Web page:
"sidelines" is plural.
You might want to consider increasing the specificity of some of the phrases that you use in this essay. You're describing an experience that admissions officers will most likely have read about before (being elected to class office), so the important thing here is to convey what was unique about your particular experience. Watch out for generic phrases like "become a better person."
You also have a slight tendency towards wordiness - try to always make your point in the clearest, most concise manner possible, ensuring that each paragraph focuses on a single main point.
Your essay also contains a number of awkward phrasing choices, grammatical errors, and typos, all of which I have corrected for in my revision.
Please feel free to contact me if you have any further questions or concerns.
High school student government is a microcosm of American politics: elected officials make decisions that they hope will benefit the general populace. Class officers are representatives of the larger student body, and therefore play an integral role in the lives of their peers. During the spring of my junior year, I realized that I no longer wanted to be a passive observer of the electoral process; I wanted to be a part of the group making the decisions. My high school had given me so much - a great education, a caring group of friends, and countless memories that I will retain forever - and I wanted to give something back. I felt that my unique viewpoint would benefit the student council, and decided to run for vice president of the senior class.
I didn't run just for the sake of running; I truly believed that I could win, and that once in office I would be able to do a better job than the incumbent. The student who had held the position for the last three years had his sights set on a future in politics, but I felt that the class would be able to relate to me. I had friends in a wide variety of social circles, and believed that the diversity of my friendships gave me a strong understanding of my class's needs.
I knew that an innovative campaign strategy would be integral to my success; the standard "vote for me and I'll give you what you want" slant wouldn't be enough. I also knew that a memorable speech would be crucial, as the speech was my one opportunity to directly address the entire student body. I began my speech with my favorite joke, and then began talking to my classmates honestly and straightforwardly. I had come onto the stage wearing a number of t-shirts, each layered over the other, and during the speech I peeled them off one at a time to reveal different aspects of my campaign. When I reached the last shirt, emblazoned with a large $ to symbolize the increased revenue I was promising the class, my friends sitting in the audience tossed handfuls of monopoly money into the air. The next day, I arrived at school early and used chalk to write "ASA FOR VP" on the ground in the parking lot. My campaign posters directed interested students to a website I had set up to chronicle my efforts, and I ended up posting a heated debate between my opponent and myself. After collecting 400 votes in the site's mock poll, I was in a dead heat with my competitor. Ultimately, I won the four-person race, with over 60% of the vote.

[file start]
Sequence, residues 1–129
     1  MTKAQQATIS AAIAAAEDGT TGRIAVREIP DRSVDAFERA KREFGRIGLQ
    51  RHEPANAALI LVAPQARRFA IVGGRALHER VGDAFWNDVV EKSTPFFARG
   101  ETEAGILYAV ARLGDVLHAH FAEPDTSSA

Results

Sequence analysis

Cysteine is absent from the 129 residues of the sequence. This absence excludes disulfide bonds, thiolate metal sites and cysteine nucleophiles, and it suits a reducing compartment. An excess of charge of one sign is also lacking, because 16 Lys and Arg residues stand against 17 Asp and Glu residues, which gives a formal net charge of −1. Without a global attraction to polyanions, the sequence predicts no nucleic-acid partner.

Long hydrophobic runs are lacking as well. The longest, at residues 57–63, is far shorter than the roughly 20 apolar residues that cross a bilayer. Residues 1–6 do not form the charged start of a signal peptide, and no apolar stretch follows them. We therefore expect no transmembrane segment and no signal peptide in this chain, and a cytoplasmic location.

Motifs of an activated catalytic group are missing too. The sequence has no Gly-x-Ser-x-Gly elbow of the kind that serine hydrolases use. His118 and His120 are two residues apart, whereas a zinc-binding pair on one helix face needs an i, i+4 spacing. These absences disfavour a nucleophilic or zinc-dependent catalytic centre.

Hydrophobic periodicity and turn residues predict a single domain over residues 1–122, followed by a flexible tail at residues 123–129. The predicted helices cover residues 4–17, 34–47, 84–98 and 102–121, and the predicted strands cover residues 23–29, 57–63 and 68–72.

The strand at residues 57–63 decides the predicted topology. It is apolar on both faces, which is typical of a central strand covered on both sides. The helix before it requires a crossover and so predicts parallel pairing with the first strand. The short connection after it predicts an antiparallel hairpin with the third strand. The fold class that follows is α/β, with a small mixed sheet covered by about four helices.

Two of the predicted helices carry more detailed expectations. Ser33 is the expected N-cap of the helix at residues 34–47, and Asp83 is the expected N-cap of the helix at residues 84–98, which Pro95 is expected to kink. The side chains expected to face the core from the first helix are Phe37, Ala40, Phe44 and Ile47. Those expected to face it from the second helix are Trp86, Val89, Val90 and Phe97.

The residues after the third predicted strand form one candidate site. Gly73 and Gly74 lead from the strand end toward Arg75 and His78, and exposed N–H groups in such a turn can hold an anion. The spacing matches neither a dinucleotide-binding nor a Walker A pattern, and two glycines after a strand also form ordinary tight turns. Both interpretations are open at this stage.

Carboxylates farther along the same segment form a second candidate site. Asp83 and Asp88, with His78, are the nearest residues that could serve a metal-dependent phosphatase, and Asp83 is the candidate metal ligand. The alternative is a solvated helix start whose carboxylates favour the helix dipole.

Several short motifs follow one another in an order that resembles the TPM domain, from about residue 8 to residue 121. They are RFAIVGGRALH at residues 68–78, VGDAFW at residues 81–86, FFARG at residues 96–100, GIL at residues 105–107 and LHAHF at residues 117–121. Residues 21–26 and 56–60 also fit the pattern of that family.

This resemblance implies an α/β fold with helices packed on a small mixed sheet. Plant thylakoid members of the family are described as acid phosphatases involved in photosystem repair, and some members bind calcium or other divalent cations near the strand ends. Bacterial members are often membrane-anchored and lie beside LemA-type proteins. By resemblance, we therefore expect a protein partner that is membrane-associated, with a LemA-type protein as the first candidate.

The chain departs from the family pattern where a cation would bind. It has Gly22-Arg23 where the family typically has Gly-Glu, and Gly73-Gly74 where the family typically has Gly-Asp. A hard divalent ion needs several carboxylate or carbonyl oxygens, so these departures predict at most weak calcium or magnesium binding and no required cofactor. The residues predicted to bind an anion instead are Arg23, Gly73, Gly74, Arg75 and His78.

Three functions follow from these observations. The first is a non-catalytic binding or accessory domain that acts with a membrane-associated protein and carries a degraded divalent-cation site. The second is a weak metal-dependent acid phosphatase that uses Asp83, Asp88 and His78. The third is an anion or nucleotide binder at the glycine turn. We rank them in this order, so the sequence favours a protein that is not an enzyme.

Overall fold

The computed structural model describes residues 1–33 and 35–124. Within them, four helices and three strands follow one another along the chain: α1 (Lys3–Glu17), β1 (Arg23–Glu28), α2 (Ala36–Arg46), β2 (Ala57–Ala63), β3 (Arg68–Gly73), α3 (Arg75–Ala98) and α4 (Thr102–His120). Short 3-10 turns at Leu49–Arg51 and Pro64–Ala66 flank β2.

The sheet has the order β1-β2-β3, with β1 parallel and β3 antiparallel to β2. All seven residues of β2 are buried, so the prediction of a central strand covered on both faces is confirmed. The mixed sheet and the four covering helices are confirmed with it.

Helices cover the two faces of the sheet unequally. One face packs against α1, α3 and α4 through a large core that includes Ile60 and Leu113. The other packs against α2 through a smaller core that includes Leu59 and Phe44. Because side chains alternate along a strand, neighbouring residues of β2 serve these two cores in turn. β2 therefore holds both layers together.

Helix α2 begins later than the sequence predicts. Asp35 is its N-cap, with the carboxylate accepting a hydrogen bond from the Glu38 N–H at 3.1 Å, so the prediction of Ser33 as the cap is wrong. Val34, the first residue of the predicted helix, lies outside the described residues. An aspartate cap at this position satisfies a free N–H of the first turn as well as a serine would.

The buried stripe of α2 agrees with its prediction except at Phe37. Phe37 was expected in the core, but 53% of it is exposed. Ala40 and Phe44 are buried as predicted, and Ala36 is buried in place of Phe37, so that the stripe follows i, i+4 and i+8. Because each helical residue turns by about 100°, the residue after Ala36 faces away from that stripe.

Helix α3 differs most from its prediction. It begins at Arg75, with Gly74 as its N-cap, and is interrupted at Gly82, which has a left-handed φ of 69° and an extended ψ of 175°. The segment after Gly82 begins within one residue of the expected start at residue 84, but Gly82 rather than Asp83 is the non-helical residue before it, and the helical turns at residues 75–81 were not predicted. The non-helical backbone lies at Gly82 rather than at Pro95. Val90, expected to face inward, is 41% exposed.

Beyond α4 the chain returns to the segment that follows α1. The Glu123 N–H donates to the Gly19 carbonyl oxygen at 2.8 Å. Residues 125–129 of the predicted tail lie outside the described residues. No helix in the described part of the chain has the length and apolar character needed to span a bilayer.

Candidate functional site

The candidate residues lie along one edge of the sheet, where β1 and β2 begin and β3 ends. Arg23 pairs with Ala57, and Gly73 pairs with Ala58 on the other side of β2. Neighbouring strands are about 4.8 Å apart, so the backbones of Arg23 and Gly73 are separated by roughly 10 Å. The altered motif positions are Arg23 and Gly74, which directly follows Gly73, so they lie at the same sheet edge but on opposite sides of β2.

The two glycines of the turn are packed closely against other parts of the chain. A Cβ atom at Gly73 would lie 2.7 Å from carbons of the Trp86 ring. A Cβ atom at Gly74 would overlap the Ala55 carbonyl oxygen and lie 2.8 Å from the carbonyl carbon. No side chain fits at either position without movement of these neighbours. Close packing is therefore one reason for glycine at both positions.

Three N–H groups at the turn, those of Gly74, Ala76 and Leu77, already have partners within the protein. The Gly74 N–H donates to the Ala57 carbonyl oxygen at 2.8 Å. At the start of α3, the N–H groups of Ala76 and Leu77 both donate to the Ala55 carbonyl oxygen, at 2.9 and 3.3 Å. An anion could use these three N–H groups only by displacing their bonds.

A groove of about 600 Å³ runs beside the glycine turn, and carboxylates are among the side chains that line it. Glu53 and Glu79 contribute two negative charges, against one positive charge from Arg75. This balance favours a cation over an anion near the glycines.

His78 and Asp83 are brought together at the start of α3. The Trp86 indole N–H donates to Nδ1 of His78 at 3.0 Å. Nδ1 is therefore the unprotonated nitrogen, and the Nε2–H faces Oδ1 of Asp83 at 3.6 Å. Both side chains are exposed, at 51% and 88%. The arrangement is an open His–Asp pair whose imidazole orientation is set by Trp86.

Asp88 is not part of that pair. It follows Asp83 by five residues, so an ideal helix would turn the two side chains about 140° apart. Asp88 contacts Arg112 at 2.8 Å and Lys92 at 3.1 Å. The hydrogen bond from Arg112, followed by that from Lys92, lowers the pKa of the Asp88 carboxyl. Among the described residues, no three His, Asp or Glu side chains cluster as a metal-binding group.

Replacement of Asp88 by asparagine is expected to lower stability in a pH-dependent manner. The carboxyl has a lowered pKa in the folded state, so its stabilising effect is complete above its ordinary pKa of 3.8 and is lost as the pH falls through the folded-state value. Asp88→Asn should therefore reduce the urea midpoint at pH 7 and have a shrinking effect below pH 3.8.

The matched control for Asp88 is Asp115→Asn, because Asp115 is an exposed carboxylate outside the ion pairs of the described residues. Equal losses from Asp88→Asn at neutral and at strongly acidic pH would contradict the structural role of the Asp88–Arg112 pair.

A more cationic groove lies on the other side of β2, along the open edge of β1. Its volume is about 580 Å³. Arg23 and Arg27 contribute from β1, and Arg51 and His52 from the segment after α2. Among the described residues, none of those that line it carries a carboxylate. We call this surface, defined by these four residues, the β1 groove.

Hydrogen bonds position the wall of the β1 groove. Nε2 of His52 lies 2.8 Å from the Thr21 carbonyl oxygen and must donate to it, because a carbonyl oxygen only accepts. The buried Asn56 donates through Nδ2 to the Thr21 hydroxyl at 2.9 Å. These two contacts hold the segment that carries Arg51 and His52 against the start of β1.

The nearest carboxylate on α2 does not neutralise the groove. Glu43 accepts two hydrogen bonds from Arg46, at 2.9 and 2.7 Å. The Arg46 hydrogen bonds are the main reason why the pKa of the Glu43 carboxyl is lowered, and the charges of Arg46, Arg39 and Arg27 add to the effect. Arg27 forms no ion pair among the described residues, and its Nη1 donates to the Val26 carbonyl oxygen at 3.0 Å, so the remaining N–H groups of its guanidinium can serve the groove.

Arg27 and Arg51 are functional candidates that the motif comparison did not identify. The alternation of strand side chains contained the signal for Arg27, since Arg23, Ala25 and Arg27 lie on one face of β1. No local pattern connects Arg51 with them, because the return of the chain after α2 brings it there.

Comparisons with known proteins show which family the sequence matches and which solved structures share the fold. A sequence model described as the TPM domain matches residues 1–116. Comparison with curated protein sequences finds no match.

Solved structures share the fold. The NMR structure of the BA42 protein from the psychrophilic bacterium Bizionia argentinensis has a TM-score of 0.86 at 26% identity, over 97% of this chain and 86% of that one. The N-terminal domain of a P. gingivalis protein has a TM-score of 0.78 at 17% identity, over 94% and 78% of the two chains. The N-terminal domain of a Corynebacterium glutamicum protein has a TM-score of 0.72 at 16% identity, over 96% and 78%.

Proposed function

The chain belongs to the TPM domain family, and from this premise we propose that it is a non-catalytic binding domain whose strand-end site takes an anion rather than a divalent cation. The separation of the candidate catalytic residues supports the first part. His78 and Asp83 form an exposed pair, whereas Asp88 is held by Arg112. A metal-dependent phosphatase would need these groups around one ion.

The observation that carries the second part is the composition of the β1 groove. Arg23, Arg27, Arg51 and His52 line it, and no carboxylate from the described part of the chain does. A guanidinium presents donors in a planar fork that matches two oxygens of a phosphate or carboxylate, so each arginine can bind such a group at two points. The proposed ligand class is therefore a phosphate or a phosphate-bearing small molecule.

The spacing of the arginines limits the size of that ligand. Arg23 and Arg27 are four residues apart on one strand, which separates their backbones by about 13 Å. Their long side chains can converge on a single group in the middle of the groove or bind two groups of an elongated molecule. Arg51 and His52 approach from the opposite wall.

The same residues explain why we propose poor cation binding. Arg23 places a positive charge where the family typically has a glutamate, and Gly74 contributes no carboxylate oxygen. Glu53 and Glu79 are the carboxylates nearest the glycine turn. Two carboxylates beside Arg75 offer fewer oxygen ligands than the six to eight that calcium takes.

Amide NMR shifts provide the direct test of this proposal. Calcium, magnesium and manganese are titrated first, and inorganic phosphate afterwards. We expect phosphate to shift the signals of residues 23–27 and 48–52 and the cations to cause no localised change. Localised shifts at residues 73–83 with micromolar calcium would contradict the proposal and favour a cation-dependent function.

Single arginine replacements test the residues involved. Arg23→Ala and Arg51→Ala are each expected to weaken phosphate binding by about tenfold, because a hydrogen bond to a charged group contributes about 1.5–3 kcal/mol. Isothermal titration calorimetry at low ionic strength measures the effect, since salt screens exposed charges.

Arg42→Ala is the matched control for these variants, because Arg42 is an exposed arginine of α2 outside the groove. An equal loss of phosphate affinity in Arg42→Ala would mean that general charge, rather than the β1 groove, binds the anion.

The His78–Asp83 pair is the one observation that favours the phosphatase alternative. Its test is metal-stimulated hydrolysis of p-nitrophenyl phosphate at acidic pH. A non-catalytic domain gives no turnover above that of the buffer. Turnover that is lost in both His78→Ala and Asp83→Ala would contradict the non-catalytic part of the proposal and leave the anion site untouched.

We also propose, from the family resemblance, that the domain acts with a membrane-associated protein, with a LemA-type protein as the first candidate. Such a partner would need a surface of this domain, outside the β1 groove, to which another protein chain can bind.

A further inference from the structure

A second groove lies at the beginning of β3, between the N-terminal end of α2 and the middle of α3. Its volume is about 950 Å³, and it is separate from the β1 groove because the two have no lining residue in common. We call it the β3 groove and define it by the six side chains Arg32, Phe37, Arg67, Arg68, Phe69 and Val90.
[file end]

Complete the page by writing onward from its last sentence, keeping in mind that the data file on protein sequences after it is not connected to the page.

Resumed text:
The process of running for student council not only gave me an invaluable opportunity to communicate directly with my peers, but also made me a more responsible, proactive, and informed individual. Knowing that I have the support of the majority of my classmates has given me a great deal of self-confidence. There are few better feelings than walking down the hall and having someone whom you've never met congratulate you on your win. My father has always said that hard work beats out natural ability every time, and I now understand what he means: my tireless campaigning had real results. I now look forward to taking on the responsibility of following through on the promises that I made and rewarding those who believed in me.
As John Kerry said during the 2000 Presidential election, "Democracy is not a spectator sport." Until I ran for vice president, I was just another student standing on the sidelines, allowing the decisions to be made for me. I decided to get involved, make a difference, and give back to the school that had given me so much, and in doing so I discovered a great deal about my community and about myself. When the election was finally over, I had learned a valuable lesson about the importance of individuality, determination, and hard work.